ZKTeco Biometric Access Control Featured in Luxury São Paulo Residence

8044_zkteco_zkteco-logoBiometrics are becoming a popular luxury home feature thanks to innovations in identity management and accessibility. Earlier this month, Troon Pacific announced biometrics as a selling point in its latest luxury home, brought to market recently in San Francisco listing at $13 million.

Now, security solutions provider ZKTeco is reporting that it’s biometric access control is also making the housing market safer, more convenient and extra high-tec. the company has stated that the deployment is part of a home automation system in the luxury residential building, Katherine Anália Franco, located in São Paulo, Brazil.

The focus of the deployment is, as the building’s description would lead you to believe, is luxury. Future residents at the building will be able to authenticate as they enter their home and preferential home comfort will begin. The blind will open automatically, the TV can be set to turn on to a favorite channel, climate control settings will take effect and lights will turn to ideal preset conditions.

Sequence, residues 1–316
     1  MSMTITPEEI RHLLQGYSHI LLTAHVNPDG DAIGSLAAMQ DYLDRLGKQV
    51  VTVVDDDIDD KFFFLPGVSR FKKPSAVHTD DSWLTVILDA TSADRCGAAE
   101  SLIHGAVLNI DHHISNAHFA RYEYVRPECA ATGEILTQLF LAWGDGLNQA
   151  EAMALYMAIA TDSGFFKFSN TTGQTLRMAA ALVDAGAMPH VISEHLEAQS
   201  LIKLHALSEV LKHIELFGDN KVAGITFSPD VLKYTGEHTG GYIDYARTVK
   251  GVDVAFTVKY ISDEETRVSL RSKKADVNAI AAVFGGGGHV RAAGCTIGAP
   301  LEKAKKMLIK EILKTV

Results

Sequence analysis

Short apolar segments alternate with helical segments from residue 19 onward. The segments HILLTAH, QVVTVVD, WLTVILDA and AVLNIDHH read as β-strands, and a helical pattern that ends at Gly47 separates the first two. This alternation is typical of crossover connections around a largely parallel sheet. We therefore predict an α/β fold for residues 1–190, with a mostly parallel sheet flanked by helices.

ZKTeco has provided nine Multibio700 access control devices for these purposes, as well as 64 units of its F6 product.

The company’s biometric access control solutions aren’t just for homeowners in the lap of luxury, recently findBIOMETRICS reported on a deployment of ZKTeco’s in Jakarta that found its identity management technology securing an office building.

Now, with the ZKAccess 6.0, Wisma BSG’s building is now able to efficiently manage its elevator system, locking out unauthorized personnel by design. An employee’s registered identity is tied to the floors and elevators that they are cleared to use. If a person isn’t registered in the system, their options are severely limited.

In April, findBIOMETRICS spent a full month examining the topic of physical access control. To learn more about this diverse application of biometric technology, check out the Physical Access Control Month Roundup.

June 17, 2014 – by Peter B. Counter